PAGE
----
Updated NBA Championship Odds: The Loaded Sixers
At last, the Warriors have retaken their throne atop the Western Conference after a seven-game winning streak that included a dismantling of the Nuggets in Denver. Stephen Curry and Klay Thompson combined for 62 points on their own, proving once again that Golden State’s offense is a force to be reckoned with. DeMarcus Cousins made his debut in a victory over the Clippers with 14 points in 15 minutes, giving a preview of the Warriors’ new improved death lineup.
Meanwhile, in the East, the usual suspects remain as the top seeds, including the Sixers, who’ve won seven of their last ten games. Joel Embiid has been on a tear recently, averaging 29.2 points and 12.9 rebounds per game in January. However, the Sixers haven’t reached a new level as some thought after trading for Jimmy Butler; Butler has only been a minor upgrade over Robert Covington, per ESPN’s real plus-minus.
Philadelphia’s odds to win the East are the same as Milwaukee’s, despite being four games behind the Bucks in the standings. The Sixers are loaded on paper, but their level of talent hasn’t translated to the standings yet. Let’s examine the updated odds for Philadelphia to win the championship, according to the FanDuel Sportsbook, and determine whether or not they’re a good bet to win.
numberFire Title Probability: 5.4%
FanDuel Sportsbook Odds: +1700
Besides Embiid and Butler, Ben Simmons and J.J. Redick round out the Sixers’ core that averages at least 30 minutes per game, and each has an effective field goal percentage of 51.5% or higher. Therefore, Philly ranks ninth in offensive efficiency, only behind Milwaukee and Toronto in the East. However, the young stars have struggled with turnovers; both Embiid and Simmons average a combined 3.5 turnovers per game and the team as a whole rank 26th in the league according to Basketball Reference.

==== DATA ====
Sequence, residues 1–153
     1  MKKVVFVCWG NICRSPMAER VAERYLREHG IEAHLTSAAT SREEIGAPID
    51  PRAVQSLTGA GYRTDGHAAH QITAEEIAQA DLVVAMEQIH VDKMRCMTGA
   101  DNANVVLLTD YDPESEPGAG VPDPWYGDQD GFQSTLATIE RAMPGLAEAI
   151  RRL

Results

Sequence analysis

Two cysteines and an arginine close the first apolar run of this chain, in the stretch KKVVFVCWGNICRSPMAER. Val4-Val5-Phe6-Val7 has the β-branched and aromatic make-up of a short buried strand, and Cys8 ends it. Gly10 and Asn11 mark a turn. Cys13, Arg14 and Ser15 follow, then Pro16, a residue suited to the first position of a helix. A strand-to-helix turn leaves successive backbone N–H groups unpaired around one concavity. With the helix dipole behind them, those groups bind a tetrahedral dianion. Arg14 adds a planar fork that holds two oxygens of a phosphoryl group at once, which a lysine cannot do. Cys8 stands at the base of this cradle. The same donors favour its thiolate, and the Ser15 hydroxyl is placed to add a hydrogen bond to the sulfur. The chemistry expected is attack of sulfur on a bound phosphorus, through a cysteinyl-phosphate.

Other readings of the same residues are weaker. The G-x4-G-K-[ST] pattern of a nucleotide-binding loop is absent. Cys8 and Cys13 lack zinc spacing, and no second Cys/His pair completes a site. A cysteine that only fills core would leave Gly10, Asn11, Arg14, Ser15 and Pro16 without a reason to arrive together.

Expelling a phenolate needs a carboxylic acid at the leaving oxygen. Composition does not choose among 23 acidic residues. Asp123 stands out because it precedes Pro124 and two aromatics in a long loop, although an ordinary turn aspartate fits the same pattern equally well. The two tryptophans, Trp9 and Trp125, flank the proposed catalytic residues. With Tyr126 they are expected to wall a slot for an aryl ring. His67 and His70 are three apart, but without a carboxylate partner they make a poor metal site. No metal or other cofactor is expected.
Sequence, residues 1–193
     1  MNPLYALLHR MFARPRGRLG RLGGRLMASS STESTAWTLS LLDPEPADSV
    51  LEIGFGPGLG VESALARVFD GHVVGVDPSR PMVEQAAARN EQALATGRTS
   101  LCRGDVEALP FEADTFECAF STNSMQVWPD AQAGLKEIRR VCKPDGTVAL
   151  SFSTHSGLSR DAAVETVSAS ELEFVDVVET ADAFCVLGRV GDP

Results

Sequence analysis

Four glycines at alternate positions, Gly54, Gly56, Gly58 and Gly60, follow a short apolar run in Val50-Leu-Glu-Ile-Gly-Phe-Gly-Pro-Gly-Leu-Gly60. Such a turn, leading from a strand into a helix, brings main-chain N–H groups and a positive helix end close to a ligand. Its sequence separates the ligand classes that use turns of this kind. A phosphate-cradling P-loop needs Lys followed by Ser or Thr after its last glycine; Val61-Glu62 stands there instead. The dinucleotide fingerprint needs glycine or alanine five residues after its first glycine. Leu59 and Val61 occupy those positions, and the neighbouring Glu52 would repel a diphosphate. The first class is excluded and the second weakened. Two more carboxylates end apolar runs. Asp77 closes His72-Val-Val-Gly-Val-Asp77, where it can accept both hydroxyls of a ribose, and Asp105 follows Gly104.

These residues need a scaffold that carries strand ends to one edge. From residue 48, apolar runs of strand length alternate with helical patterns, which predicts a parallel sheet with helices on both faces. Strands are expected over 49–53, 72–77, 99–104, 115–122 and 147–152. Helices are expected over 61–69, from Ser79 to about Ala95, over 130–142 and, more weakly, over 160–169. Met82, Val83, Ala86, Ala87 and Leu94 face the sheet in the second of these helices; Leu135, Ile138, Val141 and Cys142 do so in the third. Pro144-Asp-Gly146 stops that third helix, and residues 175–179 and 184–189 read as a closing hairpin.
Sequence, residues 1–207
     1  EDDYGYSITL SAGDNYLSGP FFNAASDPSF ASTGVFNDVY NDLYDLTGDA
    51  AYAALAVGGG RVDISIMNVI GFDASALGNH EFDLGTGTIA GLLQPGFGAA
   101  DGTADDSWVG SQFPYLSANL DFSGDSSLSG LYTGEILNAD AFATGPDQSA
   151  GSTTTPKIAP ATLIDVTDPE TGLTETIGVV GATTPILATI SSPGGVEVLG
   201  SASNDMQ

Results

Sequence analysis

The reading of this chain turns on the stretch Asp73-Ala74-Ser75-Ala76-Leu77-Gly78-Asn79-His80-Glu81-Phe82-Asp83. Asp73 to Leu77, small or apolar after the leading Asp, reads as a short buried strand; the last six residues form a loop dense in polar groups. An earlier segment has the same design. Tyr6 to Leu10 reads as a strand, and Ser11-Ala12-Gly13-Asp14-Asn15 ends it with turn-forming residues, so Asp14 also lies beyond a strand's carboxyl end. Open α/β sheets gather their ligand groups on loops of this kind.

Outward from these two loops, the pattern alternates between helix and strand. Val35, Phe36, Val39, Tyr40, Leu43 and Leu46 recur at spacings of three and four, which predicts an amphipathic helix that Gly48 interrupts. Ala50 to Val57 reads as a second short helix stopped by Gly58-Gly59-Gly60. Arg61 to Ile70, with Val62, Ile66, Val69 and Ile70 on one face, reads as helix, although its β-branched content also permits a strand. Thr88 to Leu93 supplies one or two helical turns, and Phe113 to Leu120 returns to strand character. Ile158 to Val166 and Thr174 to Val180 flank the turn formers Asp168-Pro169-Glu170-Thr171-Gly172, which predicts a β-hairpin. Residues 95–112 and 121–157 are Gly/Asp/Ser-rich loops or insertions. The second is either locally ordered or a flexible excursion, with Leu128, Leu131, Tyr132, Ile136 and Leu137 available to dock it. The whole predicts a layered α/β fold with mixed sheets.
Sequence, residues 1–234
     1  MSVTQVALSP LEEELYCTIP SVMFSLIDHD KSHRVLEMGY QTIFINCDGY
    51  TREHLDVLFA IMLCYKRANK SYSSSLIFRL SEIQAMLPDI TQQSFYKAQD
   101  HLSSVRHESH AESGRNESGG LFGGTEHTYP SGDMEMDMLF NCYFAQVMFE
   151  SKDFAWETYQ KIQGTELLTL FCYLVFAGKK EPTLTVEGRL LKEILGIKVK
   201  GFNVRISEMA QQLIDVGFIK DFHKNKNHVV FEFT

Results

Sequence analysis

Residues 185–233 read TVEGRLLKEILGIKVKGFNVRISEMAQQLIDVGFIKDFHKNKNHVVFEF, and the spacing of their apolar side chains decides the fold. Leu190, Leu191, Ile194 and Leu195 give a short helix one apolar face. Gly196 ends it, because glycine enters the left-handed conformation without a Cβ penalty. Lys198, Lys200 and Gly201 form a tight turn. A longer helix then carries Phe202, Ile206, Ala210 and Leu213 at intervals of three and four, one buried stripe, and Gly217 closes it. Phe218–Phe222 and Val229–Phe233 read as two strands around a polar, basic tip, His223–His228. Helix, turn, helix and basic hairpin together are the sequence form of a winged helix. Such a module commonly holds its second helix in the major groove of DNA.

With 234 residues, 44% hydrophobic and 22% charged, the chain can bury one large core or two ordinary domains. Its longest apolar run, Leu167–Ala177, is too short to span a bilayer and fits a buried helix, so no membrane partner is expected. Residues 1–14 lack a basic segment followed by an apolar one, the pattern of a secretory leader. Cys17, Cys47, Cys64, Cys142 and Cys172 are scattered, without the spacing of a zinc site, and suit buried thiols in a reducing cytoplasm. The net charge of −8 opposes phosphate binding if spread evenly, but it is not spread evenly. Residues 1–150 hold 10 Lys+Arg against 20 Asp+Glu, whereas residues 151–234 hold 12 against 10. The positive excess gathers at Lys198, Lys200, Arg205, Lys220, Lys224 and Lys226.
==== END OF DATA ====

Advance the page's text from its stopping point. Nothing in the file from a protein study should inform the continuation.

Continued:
Philly also struggles to force turnovers; thus, despite holding opponents to an effective field goal percentage of 50.4%, the Sixers only rank 11th in defensive efficiency. Even though they lost one of the best defenders in Covington in the trade to Minnesota, they’re an above average defensive team. The trade for Butler improved their offense, while sacrificing some talent on defense.
Despite some added drama, Butler’s scoring ability has put the Sixers on the cusp of being an elite NBA offense. However, the underrated play of J.J. Redick has also contributed to Philly’s offensive prowess. Redick has been one of the best three-point shooters in the NBA, and he’s done it with both pull-up (1.1 per game) and catch-and-shoot (1.8 per game) attempts, according to NBA.com.
Redick hasn’t been the only efficient shooter to make an impact. The Sixers have made 65.3% of shot attempts within five feet of the basket (third in the league), in part due to Embiid’s dominance inside. Embiid is also second in the NBA in free throws made, only behind James Harden. Free throws have been an important part of the Sixers’ offense this season -- they’re second overall in behind the Clippers.
Philly has the tools to improve from a good offense to a great one; they have a dominant big man in Embiid, a go-to scorer in Butler, a versatile long-range shooter in Redick, and a Swiss Army knife in Simmons.
Our model projects the Sixers to win the title with a 5.4% probability which is slightly less than the odds would imply at +1700. The addition of Butler hasn’t paid the dividends that adding another superstar typically does, but bettors should keep an eye on Philadelphia. If Simmons and Embiid can mesh with Butler come April, the Sixers would be a tough out for any of the other Eastern Conference contenders since Philly is arguably the most talented team on paper.